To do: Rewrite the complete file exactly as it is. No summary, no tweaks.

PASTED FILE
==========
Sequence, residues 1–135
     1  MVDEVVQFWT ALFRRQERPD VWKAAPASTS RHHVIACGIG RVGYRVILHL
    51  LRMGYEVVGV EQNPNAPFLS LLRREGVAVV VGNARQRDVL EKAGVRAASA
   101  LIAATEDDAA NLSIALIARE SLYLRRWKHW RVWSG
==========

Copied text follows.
Sequence, residues 1–135
     1  MVDEVVQFWT ALFRRQERPD VWKAAPASTS RHHVIACGIG RVGYRVILHL
    51  LRMGYEVVGV EQNPNAPFLS LLRREGVAVV VGNARQRDVL EKAGVRAASA
   101  LIAATEDDAA NLSIALIARE SLYLRRWKHW RVWSG